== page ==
How to Legally Protect & Cover Your New Website

At the bottom of every website, you’ve likely noticed links to legal notices. These tend to include privacy policies, terms and conditions, disclaimers, cookie policies, and more. But how do you know which ones you need for your website? And where do you find them?

In this article, I’ll walk you through the recommended legal documents to protect your website.

Since building hundreds of websites over the years, I’ve scoured the internet for the simplest solution to get your website covered. But before we get to the resources, let’s talk about the suggested documents and why each of them is important.

Jump to the how-to video ↓

First, you’ll want a privacy policy.

A privacy policy outlines how you and your website will collect, store, protect and use your website visitors’ data.  A privacy policy is required if you collect any personal information or data from your visitors. This data includes everything from their names, email addresses, browsing preferences, and more.

Next, you’ll want a terms and conditions document.

I like to think of a privacy policy as protection for your website visitors and a terms and conditions document as protection for you. This can also be referred to as a terms of use or terms of service. Iubenda explains this one pretty simply: “Terms of Service set the way in which your product, service or content may be used, in a legally binding way. They are crucial for protecting your content from a copyright perspective as well as for protecting you from potential liabilities.”

Next, you’ll want a cookie consent manager (or pop-up).

This one is a bit newer per the new GDPR regulations and EU Cookie laws. Essentially a cookie consent manager allows your website visitors to easily consent (or not) to you tracking their activity via cookies. Your consent manager or pop-up should also link to the specific cookies your site uses.

Lastly, you might need an earnings disclaimer.

If you participate in any affiliate programs or do any affiliate marketing, you’ll want to add an earnings disclaimer. When you share an affiliate link you’ll need to note that is an affiliate link and you’ll earn a commission if they sign up with your link. But it’s also a good idea to add an overall earnings disclaimer or affiliate disclaimer to the footer area alongside your other legal documents. This document should have a list of all of your affiliate partners.

Now that you have a clear picture of what legal documents you need, let’s move on to how to create and publish these documents to protect your website.

You can certainly hire a lawyer and have them draft up these documents and then add them to your website. However, this can get costly and time-consuming. Any time a law changes you’ll need to go back and have them update the documents accordingly.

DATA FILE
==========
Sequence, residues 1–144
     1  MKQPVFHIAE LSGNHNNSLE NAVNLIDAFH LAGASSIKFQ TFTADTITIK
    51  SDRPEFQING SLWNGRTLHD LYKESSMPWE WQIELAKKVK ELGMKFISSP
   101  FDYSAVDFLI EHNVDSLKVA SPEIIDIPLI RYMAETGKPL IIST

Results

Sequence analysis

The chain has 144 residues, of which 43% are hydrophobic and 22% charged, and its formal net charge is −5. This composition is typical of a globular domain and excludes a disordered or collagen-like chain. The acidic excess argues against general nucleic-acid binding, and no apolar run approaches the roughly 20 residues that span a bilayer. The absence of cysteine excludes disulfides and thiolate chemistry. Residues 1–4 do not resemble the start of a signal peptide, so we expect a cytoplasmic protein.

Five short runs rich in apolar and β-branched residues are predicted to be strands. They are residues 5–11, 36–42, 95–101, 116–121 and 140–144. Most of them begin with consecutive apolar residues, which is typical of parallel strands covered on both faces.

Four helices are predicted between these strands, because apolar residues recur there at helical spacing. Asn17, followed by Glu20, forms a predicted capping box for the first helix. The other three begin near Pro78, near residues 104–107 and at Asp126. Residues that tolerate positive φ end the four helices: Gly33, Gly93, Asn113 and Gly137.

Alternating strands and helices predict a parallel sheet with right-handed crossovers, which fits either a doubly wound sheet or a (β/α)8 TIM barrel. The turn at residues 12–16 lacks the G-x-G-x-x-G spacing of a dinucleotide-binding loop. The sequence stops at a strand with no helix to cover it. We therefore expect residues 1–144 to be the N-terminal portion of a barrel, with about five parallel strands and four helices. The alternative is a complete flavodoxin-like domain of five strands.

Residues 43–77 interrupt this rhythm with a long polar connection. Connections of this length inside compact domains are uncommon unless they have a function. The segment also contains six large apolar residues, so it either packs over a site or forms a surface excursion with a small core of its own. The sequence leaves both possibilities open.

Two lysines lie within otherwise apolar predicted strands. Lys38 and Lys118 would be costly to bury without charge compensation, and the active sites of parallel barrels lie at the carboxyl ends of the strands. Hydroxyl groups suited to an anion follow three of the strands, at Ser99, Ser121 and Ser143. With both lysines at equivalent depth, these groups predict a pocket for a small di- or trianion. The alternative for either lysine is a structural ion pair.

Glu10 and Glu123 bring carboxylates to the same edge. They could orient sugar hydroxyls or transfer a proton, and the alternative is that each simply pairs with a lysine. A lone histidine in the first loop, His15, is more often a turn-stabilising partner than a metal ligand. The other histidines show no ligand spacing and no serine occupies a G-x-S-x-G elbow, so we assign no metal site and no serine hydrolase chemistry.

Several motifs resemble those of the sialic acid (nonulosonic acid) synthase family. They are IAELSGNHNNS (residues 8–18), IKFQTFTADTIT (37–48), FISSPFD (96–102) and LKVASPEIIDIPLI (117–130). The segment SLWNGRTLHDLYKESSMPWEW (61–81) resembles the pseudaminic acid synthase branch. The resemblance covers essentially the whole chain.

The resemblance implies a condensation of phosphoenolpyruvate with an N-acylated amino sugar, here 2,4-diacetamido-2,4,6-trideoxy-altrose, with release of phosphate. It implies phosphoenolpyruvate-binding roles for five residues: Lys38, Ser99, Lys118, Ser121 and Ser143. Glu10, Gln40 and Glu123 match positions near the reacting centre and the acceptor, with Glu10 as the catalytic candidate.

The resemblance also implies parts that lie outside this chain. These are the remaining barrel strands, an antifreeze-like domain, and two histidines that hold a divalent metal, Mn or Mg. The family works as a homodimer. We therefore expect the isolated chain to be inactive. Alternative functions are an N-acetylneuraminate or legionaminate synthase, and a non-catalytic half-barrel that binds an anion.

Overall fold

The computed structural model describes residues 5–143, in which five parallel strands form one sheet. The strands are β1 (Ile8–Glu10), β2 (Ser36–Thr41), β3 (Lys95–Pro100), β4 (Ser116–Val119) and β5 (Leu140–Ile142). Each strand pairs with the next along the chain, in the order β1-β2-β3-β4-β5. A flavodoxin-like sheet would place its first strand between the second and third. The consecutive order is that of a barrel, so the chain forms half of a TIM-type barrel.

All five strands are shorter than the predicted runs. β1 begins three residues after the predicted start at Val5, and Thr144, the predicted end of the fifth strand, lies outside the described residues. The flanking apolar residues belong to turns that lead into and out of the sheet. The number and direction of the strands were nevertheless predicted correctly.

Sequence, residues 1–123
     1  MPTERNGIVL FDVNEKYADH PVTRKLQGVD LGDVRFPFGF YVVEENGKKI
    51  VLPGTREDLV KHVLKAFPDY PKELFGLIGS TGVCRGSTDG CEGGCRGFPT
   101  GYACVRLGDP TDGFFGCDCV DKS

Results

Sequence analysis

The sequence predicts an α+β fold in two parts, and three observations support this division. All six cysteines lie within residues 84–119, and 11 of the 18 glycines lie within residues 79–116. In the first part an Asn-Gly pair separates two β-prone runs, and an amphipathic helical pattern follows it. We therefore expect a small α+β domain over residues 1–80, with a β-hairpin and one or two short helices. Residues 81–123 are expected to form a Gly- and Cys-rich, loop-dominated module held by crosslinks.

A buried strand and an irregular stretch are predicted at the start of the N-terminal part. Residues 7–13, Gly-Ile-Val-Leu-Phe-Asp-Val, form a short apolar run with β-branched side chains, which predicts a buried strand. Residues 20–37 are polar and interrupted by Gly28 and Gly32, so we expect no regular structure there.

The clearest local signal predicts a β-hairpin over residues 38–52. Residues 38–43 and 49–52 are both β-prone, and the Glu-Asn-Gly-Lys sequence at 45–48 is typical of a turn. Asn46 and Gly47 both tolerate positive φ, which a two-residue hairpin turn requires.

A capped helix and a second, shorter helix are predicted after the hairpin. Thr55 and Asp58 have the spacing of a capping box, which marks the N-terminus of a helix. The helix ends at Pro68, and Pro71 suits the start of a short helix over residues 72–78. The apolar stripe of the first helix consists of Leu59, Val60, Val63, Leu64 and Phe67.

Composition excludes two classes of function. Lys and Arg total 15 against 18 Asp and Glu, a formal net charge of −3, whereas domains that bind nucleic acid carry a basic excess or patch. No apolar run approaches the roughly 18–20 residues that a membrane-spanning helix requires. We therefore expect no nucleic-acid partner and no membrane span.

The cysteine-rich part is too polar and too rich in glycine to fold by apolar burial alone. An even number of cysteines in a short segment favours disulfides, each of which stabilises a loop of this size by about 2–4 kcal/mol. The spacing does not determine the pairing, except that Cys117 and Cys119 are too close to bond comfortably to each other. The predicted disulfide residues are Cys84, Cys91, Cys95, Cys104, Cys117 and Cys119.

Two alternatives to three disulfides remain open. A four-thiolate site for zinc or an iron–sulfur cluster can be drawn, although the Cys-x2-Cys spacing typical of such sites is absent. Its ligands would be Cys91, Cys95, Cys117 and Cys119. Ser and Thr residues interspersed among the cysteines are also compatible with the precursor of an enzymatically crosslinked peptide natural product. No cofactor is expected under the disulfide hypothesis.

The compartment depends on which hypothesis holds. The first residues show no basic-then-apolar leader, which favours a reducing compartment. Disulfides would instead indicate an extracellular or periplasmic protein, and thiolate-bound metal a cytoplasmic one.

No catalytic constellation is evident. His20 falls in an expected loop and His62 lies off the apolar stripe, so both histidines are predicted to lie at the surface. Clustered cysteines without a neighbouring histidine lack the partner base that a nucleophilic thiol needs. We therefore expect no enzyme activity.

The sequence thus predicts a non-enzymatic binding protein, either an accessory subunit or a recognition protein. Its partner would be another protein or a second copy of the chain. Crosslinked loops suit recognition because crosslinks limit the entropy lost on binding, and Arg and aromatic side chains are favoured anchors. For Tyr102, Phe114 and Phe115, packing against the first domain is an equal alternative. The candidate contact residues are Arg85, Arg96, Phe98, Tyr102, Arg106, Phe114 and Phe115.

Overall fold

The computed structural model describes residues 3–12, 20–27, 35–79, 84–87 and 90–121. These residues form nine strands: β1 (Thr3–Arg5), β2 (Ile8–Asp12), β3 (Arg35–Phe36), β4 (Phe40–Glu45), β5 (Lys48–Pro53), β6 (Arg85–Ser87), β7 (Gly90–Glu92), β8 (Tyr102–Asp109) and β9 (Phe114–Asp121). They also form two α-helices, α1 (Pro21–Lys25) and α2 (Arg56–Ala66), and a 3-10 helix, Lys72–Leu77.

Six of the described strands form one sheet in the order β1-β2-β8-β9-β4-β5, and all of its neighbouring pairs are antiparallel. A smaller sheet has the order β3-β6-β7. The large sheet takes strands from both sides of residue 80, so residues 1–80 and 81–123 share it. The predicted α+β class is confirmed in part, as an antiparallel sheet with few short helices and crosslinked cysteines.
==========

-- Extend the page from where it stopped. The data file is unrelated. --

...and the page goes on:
You could also Google free privacy policies, free terms and conditions, and free cookie consent managers but these free versions are usually unable to be tailored to your specific website and business needs.

Important! DO NOT copy someone else’s legal documents. Not only is this illegal and considered a copyright infringement but it’s not tailored to your business. There will likely be gaps that won’t cover your website fully.

My recommendation is to use a service like to get all of these taken care of in one swoop. 

You can get everything noted above for just $10/month when you pay annually. You can sign up for free and generate your first policy for free and then upgrade to begin creating the others.

Click here to get started with and protect your website today.

An alternative to this service would be purchasing a template and customizing it for your business.

The Contract Shop has a Contract Bundle that includes your Terms & Conditions and Privacy Policies for a one-time fee. With this purchase, you’ll also get their free guides on how to customize and use these templates.

However, you’ll still need to need a solution for your cookie consent notice on your website.

Over the years I’ve used several different methods for my website and have recently moved over to to simplify and streamline covering my website legally. 

I also like the ease of their setup and implementation on my website. There’s no guessing on what to include and they’re always on top of the ever-changing laws.

I’ve recorded a brief video walking you through the setup for my own website. My hope is it will not only give you a sneak peek at the software but walk you through the process of getting your website legally protected.

Regardless of what method you choose, the important thing is to choose something. This certainly is one of those fun parts of being a business owner, but it’s important to protect yourself and your business.

Earnings Disclaimer: This post may contain affiliate links. If you use my links to signup for an account I may earn a small commission. Please know I only recommend tools I’ve personally used (& loved) in my own business.

Katie O'Brien

Hey there, I'm Katie!

I'm a brand designer, website developer + mama of two. I create digital presences that help interior designers simplify business growth, regain time, and bring peace of mind to everyday life. Let me show you how fun + rewarding a great brand can be.